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Maritime Data Quality – Common Metrics

Updated: Mar 21, 2023

Data Quality is important as the; technical, operational, commercial, legal, effectively all teams within your business will testify. The advancement of data and it’s integration into decision-making processes as small as what soap to order in your bathrooms to the enormous, should we purchase/insure/charter these ships?

This article can be summarised as stating the obvious: If you want to make good data driven decisions, you need high quality data, but much as I’d drive for a concise overview, there are some important variables to consider when applying this to your business, and here I’ll dive into these.

In this article I’ll focus on three of the most common metrics for assessing data quality: Coverage, Frequency, Accuracy. I’ll run through the pros/cons of these metrics as well as some of the secondary variables to consider within each,


This is the simplest of the metrics, and looks at: What is the total universe according to this dataset?

To furnish this with a couple of examples from the last few months:

· Coverage of AIS is the total number of unique MMSI numbers within the dataset over a specific period

· Coverage of vessel characteristics looks at two variables: the number of vessels within the dataset and the number of fields available, however this can be more narrow if you have a specific target, for example the number of container vessels and the coverage of container specific fields (eg TEU)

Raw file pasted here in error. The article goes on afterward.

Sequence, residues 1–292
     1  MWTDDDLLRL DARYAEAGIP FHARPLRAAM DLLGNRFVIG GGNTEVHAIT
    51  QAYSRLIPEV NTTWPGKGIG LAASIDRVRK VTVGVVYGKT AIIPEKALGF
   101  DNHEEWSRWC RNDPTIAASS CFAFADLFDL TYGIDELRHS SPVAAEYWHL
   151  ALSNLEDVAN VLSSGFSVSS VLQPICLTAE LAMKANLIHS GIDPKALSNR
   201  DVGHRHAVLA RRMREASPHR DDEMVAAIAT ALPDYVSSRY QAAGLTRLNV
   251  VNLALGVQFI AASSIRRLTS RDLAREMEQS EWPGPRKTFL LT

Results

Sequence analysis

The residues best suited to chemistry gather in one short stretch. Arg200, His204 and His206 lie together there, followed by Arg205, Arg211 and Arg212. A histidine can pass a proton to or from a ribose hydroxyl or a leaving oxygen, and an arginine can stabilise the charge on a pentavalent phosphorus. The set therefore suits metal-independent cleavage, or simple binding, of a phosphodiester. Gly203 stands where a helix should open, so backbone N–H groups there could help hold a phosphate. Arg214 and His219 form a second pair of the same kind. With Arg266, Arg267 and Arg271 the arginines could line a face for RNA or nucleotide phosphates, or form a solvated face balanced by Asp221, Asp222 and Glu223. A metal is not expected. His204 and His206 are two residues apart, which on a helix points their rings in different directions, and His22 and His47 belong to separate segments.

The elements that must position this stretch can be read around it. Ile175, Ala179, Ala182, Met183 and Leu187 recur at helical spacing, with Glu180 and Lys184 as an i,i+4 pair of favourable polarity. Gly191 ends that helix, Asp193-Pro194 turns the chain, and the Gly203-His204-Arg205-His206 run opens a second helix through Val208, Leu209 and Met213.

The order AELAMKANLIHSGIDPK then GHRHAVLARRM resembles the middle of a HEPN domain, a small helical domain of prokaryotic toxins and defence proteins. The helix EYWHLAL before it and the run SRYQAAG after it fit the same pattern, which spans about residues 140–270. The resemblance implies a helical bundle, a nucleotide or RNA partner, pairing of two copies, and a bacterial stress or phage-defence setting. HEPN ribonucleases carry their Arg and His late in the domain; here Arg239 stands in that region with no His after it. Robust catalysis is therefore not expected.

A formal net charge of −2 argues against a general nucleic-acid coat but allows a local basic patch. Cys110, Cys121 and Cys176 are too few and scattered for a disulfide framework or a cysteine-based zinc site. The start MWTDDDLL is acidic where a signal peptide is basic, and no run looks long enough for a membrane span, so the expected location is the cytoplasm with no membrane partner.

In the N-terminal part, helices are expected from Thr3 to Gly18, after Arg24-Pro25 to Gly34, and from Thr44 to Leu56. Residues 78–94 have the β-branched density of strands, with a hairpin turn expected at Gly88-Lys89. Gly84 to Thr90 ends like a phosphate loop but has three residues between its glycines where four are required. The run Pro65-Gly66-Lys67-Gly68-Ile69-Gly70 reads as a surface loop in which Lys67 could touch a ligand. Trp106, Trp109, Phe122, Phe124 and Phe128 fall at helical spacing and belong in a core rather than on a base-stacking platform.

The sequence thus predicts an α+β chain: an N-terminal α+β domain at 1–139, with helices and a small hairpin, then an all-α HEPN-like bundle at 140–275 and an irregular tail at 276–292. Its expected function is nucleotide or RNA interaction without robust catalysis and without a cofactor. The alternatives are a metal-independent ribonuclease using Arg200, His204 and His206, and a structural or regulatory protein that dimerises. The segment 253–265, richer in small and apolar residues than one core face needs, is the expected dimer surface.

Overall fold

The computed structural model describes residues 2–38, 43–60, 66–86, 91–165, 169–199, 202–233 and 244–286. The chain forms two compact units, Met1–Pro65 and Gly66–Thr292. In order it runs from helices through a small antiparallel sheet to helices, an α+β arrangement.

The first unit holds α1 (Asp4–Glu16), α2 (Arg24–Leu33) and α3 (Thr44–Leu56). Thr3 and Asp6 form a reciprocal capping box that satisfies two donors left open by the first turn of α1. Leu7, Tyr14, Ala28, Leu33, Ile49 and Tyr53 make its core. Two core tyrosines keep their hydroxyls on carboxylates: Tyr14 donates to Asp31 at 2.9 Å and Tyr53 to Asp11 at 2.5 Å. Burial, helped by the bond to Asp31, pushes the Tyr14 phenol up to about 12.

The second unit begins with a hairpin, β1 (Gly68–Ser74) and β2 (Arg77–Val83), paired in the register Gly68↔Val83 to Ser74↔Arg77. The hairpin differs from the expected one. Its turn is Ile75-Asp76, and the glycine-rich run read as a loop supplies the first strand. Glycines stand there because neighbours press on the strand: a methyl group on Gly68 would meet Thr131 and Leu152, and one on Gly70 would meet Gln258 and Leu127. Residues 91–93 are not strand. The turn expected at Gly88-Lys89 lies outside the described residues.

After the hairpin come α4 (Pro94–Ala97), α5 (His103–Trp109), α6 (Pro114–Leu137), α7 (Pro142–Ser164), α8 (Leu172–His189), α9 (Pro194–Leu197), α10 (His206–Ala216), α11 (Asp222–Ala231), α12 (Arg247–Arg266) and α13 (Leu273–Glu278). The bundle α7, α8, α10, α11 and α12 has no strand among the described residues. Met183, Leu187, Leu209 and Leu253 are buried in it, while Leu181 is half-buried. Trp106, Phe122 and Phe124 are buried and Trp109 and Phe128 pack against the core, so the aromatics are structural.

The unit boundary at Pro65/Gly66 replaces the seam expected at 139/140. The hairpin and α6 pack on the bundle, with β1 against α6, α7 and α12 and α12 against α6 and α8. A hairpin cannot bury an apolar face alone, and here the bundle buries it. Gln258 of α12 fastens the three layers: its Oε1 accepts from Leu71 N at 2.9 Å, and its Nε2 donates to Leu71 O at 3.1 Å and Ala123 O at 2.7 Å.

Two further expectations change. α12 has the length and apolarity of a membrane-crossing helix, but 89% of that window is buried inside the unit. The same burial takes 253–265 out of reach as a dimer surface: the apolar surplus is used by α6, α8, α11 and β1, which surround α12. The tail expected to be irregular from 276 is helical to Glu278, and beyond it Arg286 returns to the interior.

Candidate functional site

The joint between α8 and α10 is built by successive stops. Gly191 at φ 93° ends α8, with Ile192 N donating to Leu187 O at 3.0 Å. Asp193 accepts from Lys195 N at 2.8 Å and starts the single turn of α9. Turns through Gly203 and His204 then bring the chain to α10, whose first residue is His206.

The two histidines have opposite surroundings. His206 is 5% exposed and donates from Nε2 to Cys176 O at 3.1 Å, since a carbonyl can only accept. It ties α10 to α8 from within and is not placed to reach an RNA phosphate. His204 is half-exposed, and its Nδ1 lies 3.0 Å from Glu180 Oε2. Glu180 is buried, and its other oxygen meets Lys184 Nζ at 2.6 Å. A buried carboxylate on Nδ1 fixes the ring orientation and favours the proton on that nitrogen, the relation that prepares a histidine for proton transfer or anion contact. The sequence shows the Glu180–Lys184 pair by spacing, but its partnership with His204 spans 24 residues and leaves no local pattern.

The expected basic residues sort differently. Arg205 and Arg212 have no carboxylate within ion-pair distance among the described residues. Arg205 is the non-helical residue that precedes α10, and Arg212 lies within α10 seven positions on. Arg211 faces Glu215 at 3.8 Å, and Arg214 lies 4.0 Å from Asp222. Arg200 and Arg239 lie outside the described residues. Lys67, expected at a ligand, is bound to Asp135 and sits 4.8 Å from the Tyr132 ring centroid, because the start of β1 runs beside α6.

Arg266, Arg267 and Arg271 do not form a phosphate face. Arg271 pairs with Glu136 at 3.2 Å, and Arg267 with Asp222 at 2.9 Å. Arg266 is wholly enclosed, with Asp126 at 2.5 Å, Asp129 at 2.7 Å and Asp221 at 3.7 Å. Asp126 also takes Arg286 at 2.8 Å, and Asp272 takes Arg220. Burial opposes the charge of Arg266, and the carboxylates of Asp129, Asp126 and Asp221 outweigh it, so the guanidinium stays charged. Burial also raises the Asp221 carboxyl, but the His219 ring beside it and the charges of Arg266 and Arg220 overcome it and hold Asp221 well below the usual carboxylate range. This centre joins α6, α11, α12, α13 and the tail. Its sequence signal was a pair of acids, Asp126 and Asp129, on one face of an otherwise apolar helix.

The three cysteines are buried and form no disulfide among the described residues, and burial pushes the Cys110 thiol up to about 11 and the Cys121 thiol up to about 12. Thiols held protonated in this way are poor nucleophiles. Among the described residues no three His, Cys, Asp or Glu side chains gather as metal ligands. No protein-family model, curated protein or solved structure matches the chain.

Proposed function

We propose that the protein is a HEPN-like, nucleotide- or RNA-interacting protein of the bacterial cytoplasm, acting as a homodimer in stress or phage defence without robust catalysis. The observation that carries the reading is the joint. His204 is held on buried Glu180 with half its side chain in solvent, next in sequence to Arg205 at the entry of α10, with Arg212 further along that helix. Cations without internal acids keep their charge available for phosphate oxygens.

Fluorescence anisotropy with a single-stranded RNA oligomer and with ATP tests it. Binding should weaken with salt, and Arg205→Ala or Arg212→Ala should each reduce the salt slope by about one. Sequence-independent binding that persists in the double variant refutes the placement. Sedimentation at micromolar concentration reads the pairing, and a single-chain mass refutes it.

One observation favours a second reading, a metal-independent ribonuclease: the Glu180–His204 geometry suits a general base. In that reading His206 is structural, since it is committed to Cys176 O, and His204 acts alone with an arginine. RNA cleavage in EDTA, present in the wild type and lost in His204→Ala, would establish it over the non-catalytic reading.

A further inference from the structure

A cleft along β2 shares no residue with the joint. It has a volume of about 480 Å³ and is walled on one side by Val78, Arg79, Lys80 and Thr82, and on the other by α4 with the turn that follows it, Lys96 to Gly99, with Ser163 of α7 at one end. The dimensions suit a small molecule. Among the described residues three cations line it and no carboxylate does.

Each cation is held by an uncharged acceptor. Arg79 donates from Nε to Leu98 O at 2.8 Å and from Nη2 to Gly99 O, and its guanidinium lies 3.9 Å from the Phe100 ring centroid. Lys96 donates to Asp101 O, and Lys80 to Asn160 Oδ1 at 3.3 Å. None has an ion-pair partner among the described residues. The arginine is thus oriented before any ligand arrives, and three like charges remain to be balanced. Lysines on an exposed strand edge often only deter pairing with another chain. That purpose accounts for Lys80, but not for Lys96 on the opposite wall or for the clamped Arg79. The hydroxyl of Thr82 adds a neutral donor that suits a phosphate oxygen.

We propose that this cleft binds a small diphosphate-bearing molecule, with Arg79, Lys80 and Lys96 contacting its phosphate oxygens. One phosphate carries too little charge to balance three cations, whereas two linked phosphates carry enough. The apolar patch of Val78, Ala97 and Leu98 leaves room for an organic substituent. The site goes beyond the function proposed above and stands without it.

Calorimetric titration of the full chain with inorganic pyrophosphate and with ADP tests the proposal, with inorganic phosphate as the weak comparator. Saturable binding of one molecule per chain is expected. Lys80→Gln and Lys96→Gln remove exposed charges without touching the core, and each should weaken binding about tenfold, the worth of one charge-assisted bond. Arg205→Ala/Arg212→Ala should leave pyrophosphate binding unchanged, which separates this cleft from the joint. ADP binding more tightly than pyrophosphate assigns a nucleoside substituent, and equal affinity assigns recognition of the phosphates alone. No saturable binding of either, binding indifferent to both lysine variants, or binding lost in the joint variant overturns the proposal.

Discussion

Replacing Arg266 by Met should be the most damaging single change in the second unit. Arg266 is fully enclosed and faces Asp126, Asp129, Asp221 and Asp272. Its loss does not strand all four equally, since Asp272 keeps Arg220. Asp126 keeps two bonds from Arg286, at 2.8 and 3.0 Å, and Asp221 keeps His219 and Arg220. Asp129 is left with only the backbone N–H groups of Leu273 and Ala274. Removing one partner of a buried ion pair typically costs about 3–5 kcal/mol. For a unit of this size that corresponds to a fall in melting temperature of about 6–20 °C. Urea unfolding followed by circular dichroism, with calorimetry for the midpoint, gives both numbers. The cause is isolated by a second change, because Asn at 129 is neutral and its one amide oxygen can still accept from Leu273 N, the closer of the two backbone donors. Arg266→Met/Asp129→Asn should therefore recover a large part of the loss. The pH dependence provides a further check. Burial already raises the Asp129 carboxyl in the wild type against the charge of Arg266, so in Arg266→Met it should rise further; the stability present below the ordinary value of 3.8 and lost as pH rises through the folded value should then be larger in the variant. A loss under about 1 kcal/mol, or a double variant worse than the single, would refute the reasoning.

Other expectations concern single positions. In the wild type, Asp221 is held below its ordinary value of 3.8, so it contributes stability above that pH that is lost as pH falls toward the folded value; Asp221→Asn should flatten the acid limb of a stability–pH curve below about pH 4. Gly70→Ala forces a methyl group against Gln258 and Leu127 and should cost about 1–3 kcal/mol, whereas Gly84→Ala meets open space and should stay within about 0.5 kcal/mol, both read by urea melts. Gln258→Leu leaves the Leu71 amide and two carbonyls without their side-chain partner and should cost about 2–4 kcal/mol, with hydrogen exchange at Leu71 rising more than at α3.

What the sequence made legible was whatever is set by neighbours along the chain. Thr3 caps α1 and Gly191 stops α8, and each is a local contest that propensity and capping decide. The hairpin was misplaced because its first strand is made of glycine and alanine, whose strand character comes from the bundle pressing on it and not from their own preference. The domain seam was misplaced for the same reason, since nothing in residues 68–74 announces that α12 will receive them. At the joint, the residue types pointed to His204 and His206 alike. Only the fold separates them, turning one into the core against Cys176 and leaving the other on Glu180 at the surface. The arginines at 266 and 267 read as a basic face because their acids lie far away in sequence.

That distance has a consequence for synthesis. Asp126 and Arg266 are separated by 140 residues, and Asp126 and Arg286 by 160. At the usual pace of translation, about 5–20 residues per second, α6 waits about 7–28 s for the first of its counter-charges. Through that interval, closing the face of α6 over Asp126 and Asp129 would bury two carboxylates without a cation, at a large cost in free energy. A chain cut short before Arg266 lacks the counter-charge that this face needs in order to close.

· Fill rates of a vessel database – how many of the fields are populated for the relevant vessesl.

· Coverage of a Geospatial port database is the total number of ports, terminals and berths

To start with the advantages.

Coverage is a simple metric which you can use to easily filter out datasets which are not relevant. If you target the RORO market, and this dataset has a total number of RORO ships which is significantly below what you understand it to be, that’s a strong early indicator that one of you is incorrect. Which could either be a huge boon to your business moving forwards, or a warning that this dataset is not going to add much value to your business.

Additionally, it’s easy to work out. Aggregate figures are simple to calculate, if not provided up front by the supplier as part of the sampling/trial process.

To look at some of the drawbacks.

Coverage relies on a comparison point to make a solid judgement, if you’re not sure what the total size of the dataset should be, it’s difficult to make any form of reasoned assessment.

Coverage as a standalone judgement also makes no quality assessment. A supplier could have a fleet of 400000 vessels, a port database totalling 25000 ports and a vessel database with 1500 fields, but to provide an extreme example, if 10% the data is real and the rest is poorly derived outputs, the dataset will very likely cause more problems than it solves.


Frequency looks at the rate at which the data is updated, for example:

· The available delivery of real-time AIS

· The update cycles for new vessel data

· How many times annually port databases are updated

· CII calculations

· How frequently vessel ownership details are changed

Here the benefits and the drawbacks are related, as it will massively depend on the dataset that you’re looking for.